Love can be a tricky and messy business. Particularly if your mother-in-law-to-be has access to the internet or your bride-to-be has to be (allegedly) intercepted at Nice airport.
Yet these must be but small concerns compared with having a girlfriend who keeps a potter’s wheel in her apartment.
After all these years there are few on-stage experiences that can be deemed firsts for the Whingers but this surely would be one. Forget whether the hit 1990 film Ghost could be successfully adapted for the stage as a musical, what the Whingers were most eagerly anticipating Ghost the Musical was just how would they handle that iconic scene?
Not that the Whingers have any proficiency to judge her skills at the wheel, Phil hasn’t tossed a pot since school and those results wouldn’t even give Deirdre Barlow’s new-found potting skills a run for their money. But Caissie Levy’s Molly centres her clay very well and gets stuck in sloshing water liberally. The not-so-metaphorical (but endearingly small) phallus she wistfully fingers tells us all we need to know about how much she’s missing her recently deceased boyfriend Sam (Richard Fleeshman), if not why.
Andrew was shaking with dry laughter from the moment her wheel trundled on. Phil came over all nostalgic for the Potter’s Wheel TV interludes*. Expect Grayson Perry to turn up for the official opening night.
But let us crack on before you glaze over.
Do we really need to trouble you with the plot? Sam and Molly’s love affair is suddenly terminated after Sam starts to investigate some banking discrepancies, gets shot in a back alley, turns into a ghost (brilliantly achieved) and finds a con-artist medium Oda Mae Brown (Sharon D Clarke) who can actually hear him so he can contact Molly and warn her that her life is also in danger.
One of Ghost‘s biggest strengths is that it’s a rather ripping story. The book is by Bruce Joel Rubin who wrote the Oscar-winning original screenplay and – as is often the way of musicals these days – the interpolation of songs mostly merely impedes a tale previously perfectly well told without any songs thank you very much.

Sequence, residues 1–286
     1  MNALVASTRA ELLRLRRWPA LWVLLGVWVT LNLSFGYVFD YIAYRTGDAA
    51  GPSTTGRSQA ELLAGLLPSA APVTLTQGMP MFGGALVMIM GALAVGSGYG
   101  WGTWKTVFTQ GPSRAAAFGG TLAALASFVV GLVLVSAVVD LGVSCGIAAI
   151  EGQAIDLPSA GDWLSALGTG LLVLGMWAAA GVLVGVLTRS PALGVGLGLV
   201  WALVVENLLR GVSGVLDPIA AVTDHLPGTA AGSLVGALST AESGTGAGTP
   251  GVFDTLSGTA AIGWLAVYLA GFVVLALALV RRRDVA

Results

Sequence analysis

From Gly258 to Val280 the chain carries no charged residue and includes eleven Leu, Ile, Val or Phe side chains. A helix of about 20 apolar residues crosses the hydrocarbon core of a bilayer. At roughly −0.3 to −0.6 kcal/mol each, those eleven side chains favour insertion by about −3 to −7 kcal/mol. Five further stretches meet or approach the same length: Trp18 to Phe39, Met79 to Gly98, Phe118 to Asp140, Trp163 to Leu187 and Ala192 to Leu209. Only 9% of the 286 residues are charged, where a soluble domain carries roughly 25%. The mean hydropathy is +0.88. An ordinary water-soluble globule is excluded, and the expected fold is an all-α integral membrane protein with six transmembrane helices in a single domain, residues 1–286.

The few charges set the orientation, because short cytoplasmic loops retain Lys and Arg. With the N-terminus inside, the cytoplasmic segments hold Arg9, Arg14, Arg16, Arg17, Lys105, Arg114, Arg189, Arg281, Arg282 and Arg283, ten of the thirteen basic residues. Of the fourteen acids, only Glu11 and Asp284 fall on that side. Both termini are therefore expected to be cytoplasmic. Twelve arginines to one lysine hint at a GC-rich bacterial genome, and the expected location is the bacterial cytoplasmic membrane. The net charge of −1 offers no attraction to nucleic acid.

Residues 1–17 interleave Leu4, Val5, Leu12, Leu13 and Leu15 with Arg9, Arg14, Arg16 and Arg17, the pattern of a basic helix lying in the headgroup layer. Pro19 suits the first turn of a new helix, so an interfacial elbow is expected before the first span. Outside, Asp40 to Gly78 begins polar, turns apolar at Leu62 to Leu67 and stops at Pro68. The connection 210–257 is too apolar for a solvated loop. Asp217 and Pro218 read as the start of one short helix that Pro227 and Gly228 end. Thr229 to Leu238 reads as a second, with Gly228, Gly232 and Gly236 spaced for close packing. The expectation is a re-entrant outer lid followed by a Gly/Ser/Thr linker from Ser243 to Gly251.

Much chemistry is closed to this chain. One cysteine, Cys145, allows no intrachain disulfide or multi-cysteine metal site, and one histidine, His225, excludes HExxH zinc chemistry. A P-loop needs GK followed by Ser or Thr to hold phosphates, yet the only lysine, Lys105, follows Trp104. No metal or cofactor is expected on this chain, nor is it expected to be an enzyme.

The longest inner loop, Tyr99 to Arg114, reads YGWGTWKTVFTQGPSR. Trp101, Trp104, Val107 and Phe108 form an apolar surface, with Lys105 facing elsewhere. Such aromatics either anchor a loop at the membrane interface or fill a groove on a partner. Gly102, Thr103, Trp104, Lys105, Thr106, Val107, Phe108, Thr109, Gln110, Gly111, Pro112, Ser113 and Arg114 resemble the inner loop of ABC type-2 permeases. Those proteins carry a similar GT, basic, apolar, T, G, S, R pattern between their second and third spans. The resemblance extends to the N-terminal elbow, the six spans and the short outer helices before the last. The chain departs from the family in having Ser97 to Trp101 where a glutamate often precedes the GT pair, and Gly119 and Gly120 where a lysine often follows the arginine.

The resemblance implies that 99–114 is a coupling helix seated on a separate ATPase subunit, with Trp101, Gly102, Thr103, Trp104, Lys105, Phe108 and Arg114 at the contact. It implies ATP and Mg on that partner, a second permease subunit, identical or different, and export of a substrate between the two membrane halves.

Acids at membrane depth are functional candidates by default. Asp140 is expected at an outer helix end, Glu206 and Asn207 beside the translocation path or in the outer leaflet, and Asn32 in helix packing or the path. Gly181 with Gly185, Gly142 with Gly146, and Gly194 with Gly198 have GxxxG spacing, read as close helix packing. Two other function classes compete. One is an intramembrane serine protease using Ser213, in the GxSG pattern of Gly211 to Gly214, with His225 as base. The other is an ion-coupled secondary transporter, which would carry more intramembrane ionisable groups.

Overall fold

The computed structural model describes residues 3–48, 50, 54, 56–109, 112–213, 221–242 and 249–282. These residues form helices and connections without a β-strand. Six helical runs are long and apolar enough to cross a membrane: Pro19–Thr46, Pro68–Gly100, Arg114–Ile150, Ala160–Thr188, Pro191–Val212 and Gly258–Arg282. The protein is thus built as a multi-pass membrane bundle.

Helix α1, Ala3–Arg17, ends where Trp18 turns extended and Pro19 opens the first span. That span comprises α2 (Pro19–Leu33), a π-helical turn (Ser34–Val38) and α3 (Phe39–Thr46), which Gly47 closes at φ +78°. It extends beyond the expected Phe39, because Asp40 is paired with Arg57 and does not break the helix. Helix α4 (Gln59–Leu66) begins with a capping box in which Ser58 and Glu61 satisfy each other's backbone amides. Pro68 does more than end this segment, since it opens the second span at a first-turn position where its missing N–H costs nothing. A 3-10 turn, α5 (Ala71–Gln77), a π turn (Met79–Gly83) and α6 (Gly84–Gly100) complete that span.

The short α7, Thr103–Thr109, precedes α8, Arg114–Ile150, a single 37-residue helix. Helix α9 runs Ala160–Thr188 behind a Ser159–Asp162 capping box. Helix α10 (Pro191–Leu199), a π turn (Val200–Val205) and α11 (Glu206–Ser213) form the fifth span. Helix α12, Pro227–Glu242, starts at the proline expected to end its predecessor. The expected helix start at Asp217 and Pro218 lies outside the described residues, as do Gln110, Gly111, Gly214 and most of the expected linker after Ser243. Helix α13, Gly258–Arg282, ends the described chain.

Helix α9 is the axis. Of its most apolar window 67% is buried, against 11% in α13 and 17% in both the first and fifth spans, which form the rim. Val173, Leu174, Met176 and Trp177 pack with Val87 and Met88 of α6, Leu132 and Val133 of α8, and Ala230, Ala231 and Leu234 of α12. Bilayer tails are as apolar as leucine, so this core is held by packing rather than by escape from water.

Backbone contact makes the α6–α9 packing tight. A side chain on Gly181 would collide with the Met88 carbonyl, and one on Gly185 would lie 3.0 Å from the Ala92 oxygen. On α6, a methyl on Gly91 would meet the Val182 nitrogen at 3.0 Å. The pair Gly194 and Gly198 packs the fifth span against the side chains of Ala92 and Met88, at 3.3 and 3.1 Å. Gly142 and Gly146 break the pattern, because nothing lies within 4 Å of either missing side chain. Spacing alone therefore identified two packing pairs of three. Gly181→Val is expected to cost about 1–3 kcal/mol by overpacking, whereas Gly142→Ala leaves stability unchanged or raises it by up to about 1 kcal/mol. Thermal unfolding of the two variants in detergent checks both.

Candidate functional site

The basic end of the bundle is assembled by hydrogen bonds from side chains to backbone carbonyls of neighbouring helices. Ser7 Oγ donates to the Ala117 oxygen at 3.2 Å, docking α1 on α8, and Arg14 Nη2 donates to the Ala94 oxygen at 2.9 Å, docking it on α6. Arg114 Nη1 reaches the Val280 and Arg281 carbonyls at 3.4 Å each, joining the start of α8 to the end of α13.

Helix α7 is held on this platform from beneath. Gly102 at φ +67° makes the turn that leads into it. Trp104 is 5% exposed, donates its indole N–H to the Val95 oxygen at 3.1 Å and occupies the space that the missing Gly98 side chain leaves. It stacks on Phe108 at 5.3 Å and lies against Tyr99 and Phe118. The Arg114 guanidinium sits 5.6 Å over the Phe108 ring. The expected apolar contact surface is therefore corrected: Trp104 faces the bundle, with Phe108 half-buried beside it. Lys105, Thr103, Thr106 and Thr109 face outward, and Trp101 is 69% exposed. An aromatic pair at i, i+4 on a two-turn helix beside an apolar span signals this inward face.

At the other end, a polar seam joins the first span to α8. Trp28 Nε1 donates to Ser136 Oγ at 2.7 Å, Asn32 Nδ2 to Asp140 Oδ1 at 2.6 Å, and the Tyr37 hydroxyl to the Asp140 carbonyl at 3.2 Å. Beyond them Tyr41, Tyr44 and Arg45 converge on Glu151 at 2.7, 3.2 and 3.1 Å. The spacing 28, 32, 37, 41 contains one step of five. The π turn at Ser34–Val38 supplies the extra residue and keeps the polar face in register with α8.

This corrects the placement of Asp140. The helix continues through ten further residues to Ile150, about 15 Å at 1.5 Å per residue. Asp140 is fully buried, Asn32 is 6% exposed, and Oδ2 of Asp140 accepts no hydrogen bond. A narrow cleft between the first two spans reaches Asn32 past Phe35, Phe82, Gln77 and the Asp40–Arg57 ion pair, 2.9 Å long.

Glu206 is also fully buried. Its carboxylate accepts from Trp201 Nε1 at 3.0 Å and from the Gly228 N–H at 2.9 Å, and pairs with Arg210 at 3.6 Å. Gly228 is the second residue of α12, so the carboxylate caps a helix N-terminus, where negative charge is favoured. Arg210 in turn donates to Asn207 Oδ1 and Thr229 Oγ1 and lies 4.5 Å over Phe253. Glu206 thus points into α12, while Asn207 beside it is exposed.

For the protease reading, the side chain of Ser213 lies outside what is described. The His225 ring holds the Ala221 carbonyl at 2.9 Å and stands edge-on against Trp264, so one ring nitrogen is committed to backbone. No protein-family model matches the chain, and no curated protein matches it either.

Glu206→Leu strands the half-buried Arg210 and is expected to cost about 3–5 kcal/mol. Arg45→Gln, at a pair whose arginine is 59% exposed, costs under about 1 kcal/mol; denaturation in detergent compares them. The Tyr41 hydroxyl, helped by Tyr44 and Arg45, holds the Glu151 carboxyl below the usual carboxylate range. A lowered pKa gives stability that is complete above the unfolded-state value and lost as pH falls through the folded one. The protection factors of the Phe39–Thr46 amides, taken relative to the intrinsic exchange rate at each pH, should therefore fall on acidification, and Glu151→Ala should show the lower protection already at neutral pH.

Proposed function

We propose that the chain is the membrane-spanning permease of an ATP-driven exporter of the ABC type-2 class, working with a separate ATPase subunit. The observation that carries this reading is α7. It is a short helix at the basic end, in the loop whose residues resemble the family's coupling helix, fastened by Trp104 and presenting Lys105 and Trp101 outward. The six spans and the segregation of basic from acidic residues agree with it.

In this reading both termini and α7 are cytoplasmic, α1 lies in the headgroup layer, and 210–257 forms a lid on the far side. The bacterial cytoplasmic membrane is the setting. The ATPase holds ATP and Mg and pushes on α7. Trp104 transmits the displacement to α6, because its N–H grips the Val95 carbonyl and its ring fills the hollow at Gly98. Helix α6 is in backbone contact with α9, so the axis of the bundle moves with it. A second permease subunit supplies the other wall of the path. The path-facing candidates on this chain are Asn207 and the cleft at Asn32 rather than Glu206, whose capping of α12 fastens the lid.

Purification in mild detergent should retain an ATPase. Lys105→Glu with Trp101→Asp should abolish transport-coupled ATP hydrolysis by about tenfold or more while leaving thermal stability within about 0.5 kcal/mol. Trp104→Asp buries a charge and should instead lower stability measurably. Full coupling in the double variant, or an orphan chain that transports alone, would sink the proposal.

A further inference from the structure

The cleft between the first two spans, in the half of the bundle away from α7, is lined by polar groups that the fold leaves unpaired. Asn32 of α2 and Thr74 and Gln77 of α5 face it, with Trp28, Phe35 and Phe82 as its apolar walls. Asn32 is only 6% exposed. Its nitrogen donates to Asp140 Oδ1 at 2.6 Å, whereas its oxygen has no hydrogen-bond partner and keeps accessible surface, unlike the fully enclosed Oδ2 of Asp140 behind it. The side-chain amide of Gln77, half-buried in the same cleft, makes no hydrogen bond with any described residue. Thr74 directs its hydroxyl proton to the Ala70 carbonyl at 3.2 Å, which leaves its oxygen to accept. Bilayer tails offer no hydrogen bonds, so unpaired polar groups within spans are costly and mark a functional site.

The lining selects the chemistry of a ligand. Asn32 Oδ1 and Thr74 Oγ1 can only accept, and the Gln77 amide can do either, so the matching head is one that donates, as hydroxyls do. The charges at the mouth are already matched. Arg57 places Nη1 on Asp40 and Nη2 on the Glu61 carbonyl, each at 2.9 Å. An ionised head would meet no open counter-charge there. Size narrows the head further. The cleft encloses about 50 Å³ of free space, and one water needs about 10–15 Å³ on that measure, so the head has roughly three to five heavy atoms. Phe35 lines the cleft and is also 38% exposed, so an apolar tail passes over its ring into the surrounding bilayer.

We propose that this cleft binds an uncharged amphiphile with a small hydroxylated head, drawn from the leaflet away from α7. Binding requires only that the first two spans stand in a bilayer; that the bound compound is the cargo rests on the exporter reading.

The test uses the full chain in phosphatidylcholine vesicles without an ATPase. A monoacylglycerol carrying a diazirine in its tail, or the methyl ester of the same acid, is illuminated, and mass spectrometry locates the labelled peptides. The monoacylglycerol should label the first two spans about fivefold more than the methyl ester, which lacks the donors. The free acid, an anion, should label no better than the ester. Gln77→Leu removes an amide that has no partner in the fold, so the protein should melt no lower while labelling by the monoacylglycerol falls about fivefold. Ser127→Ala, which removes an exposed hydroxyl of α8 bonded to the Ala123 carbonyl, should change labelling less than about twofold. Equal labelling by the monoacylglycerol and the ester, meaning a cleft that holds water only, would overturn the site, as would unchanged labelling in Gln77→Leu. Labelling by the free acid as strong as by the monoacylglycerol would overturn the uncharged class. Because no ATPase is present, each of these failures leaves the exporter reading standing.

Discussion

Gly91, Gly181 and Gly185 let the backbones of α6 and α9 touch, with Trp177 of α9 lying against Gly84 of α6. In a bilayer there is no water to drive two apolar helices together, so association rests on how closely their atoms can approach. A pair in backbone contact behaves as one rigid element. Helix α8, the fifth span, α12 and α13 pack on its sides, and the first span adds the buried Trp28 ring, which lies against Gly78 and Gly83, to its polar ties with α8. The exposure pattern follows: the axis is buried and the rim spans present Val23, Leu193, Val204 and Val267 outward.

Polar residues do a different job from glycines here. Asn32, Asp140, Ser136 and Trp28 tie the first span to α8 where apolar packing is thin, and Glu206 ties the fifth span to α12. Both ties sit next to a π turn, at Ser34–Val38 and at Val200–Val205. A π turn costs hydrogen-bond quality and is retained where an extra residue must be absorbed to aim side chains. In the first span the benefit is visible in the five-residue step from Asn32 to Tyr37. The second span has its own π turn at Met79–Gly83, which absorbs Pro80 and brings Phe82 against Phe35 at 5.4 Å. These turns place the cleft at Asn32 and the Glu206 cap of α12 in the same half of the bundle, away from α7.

For this blame mostly the lyrics by Glen Ballard who co-wrote Michael Jackson’s “Man in the Mirror” (All together now: “A summer’s disregard, a broken bottle top and one man’s soul, they follow each other on the wind ya know ’cause they got nowhere to go. That’s why I want you to know…”) which eschew wit at every turn. And as each song concludes you find yourself none the wiser really. The subtext of the songs being no more illuminating than, “I miss him. I miss him a lot. No, I REALLY miss him. A LOT! Gosh, I miss him.” This was a preview and at 2 hours 45 mins it still needs cutting and at least one of Levy’s numbers needs to go. One only has patience for so much grieving.
How the creators must have breathed a sigh of relief when they secured the rights to “Unchained Melody”: it’s like discovering a single bloom in a bed of weeds. Not that the songs are that bad (indeed the tunes are by Eurythmics man Dave Stewart who has written one or two hummable ditties in his time), it’s just that anodyne, rock-ish numbers aren’t really very up the Whingers’ alleys. The anthemic “I Had a Life” will probably have its own life beyond the show regardless.
But there’s one comedy number “Ball of Wax” (indeed) which sticks out like a sore thumb, coming as it does just after Sam’s death where a group of disgruntled ghosts led very ably by Mark White** perform a tap number in a hospital. Now, the Whingers are first in the queue for tap dancing on almost any occasion but Phil hadn’t seen such an inappropriate, ill-positioned number since the tap dancing psychiatrists in that legendary musical clunker Jean Seberg. And what does ball of wax mean? Why wasn’t this number cut when the show tried out in Manchester? Why do most of the ghosts’ costumes fade from the shoulders yet others don’t? Why does White resemble Keith Floyd? Baffling in so many ways.